Rock Report: Black Country Communion’s Joe Bonamassa Claims Glenn Hughes Used Press to Bully Him
Black Country Communion continue to have their issues, and guitarist Joe Bonamassa is clearing the air publicly, claiming that singer Glenn Hughes portrayed him in a negative light in interviews as a way to “bully” him to alter his career plans.
Hughes has made it clear in interviews that he took on a larger role with the band’s latest album and also expressed his concern about being able to promote the disc properly while Bonamassa continues support of his own solo record. The guitarist hasn’t taken kindly to the comments and admits that Hughes making his concerns public caught him by surprise.
He tells Music Radar, “The weird thing is, I heard all about this nonsense second-hand. You know what I mean? I’d look on Blabbermouth and I’d see ‘Glenn Hughes…’ and I’d be like, ‘Oh!,’ cause I knew he was doing the press tour. See, going into making the record, I had a lot on the table, a real whirlwind of activity. But everybody knew that was the deal for me. These were all facts on the table and everybody knew that and we had a great time making the record. The impetus of the songs was really on Glenn’s shoulders and he was happy to take the responsibility. He came up with some good songs.”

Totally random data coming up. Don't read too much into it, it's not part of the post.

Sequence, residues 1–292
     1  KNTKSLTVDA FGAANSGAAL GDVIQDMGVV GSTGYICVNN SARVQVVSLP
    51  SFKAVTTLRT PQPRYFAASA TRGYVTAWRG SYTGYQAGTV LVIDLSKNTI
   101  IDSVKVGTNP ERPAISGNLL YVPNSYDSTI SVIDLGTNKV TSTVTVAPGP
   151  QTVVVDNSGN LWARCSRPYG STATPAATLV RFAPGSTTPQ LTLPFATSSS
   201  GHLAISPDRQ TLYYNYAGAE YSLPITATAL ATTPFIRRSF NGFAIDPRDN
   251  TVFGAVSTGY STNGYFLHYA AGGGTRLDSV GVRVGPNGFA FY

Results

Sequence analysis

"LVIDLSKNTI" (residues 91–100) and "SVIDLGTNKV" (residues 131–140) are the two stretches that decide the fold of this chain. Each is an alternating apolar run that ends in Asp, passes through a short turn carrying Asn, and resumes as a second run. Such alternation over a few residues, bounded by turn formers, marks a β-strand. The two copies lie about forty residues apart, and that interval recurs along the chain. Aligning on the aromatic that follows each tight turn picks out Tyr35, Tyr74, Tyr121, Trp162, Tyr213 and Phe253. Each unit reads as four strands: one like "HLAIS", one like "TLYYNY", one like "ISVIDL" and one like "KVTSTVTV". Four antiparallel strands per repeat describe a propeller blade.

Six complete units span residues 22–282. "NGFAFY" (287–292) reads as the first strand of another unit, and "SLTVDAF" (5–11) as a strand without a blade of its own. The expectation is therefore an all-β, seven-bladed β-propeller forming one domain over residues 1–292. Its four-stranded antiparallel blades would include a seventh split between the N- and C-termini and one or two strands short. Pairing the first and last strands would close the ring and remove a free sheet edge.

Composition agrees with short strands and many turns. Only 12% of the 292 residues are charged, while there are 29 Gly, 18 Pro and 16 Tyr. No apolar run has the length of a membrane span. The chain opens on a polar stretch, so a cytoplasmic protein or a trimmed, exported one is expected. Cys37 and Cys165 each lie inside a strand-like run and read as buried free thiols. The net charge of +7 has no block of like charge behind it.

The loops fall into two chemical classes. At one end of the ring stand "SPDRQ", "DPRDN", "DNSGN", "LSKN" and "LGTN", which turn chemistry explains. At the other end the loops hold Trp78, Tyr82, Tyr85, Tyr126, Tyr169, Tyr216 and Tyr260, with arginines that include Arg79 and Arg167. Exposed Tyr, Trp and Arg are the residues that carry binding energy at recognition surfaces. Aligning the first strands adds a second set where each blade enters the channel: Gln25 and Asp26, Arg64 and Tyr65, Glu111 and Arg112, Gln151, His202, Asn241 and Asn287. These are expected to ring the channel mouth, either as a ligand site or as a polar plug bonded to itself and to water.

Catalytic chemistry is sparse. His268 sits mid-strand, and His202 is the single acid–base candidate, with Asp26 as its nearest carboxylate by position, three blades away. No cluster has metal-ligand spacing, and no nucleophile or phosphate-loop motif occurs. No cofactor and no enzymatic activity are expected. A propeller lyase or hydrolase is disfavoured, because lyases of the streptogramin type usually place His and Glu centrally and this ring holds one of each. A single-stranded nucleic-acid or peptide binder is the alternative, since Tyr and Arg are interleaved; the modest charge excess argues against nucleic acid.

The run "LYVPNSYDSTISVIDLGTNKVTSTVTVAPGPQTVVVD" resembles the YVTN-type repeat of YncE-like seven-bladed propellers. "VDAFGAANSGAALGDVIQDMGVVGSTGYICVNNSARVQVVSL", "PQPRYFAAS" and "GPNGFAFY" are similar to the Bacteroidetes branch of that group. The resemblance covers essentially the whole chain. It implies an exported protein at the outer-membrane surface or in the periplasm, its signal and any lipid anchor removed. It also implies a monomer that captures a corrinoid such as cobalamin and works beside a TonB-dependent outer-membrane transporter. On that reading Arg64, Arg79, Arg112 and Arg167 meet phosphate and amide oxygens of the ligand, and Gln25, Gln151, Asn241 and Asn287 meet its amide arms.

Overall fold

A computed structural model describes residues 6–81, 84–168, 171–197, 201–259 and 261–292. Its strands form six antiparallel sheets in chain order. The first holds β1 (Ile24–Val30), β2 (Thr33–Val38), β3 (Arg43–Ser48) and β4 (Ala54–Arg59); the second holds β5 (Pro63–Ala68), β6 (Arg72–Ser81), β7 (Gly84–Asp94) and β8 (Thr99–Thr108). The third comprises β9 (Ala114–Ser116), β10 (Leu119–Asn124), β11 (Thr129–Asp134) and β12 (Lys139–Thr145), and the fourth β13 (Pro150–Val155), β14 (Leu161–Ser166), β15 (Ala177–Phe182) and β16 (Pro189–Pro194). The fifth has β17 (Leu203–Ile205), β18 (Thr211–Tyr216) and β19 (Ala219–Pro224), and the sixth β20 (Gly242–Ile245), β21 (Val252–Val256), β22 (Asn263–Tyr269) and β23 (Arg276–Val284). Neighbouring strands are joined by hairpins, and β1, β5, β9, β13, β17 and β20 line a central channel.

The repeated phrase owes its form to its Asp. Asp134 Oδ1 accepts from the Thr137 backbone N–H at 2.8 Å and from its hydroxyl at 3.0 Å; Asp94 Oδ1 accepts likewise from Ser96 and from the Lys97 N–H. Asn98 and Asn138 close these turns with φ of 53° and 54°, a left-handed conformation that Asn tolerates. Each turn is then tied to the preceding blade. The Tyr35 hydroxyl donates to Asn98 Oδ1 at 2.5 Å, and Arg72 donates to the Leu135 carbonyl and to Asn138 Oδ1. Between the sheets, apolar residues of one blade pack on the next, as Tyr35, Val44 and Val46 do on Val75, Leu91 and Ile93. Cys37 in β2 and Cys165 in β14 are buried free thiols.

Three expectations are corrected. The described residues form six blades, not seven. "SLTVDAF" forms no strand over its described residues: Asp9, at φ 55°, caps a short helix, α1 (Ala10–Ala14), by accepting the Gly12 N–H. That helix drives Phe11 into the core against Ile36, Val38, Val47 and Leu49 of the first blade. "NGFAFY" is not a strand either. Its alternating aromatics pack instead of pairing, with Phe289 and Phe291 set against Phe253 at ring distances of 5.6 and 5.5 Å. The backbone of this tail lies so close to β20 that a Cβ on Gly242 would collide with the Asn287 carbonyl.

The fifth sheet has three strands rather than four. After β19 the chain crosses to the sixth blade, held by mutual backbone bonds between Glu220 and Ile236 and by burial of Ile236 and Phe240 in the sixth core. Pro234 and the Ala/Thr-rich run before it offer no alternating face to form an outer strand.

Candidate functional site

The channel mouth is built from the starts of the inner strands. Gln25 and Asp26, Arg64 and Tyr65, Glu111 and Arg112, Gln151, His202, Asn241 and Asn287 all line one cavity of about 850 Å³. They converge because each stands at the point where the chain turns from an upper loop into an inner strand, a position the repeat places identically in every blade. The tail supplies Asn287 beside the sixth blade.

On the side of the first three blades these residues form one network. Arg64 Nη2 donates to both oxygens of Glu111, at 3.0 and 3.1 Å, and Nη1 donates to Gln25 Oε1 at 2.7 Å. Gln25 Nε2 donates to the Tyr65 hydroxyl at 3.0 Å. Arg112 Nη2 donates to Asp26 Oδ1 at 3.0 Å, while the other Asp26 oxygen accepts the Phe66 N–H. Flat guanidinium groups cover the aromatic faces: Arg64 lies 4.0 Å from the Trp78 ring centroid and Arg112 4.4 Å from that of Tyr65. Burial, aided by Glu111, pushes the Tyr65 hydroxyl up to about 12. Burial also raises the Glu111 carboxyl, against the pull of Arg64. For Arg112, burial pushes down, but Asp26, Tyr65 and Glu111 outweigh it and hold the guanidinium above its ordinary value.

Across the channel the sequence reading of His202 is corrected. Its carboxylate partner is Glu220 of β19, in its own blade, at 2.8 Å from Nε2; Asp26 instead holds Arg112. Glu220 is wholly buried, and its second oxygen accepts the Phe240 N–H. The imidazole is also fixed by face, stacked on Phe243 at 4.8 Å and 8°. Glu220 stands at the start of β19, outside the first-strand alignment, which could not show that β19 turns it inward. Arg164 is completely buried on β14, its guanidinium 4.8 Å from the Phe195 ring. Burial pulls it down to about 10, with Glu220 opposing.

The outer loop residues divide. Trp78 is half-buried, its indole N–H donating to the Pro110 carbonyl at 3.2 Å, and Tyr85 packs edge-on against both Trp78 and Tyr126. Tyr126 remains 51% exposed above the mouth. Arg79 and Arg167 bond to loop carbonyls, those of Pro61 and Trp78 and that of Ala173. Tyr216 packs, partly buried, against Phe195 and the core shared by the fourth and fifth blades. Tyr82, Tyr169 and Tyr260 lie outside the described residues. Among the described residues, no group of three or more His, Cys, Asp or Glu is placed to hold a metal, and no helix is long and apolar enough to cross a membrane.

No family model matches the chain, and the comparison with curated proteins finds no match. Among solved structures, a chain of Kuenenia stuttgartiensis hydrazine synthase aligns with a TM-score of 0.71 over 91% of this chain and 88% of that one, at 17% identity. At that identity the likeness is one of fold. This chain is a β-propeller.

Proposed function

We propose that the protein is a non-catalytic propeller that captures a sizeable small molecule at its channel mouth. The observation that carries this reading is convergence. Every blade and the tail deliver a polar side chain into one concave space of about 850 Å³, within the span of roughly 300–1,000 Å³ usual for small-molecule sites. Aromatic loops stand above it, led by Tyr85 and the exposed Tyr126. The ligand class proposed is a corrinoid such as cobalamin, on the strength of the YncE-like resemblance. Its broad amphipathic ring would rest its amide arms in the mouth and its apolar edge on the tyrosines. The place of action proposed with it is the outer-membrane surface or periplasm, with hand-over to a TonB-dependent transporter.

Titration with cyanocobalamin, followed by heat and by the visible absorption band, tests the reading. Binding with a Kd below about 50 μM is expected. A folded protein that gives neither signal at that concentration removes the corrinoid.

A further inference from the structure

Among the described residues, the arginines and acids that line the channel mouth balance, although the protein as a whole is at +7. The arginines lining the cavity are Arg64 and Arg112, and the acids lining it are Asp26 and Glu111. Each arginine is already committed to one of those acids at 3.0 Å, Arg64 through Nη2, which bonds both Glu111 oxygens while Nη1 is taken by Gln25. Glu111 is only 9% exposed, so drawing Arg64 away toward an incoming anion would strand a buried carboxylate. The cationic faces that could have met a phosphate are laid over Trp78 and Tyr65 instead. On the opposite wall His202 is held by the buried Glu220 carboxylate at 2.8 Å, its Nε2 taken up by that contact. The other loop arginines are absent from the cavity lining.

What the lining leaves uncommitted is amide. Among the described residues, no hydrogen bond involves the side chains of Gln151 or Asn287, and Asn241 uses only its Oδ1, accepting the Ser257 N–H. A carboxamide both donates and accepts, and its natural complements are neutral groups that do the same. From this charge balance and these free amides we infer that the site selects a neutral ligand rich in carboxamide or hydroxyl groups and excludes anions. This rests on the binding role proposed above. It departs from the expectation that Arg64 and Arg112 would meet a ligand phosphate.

Bonamassa says he was surprised to see the singer laying blame on him especially because he explained his situation prior to the band even recording their album. He adds, “I’m doing what I said I was going to do for the last three years, and now because somebody changes his mind, that’s now my fault? At first it didn’t really faze me. You know, journalists like to take liberties. They do like to start s—. But then it’s time and time again, and then I read the ‘Classic Rock’ article and it went from slightly annoying to supremely not cool.”
The guitarist says it really hit him hard when he began receiving e-mails from fans blaming him for the band’s lack of touring. He adds that he was never contacted by Hughes to work things out privately, but rather than get upset, he’s decided that there needs to be some time to chill out rather than overreact and break up the band. He concluded, “I still have a lot of love for Glenn Hughes. I still have a lot of love for Jason [Bonham] and Derek [Sherinian], and I feel sorry for Jason and Derek — they got caught up in this thing unfairly.”
As for the future, Bonamassa says, “If everybody gets on the phone or gets in a room — and most likely it’s going to have to be me and Glenn to hash this thing out — then I don’t rule out ever doing it again, at all. I’m actually particularly proud of this facet of my career. I just rule out doing it in the short term and next year, because at the end of the day, I’m not going to be bullied into doing something that was never on the table from day one because some cat changes his mind and figures out it’s the best thing he’s got going on.”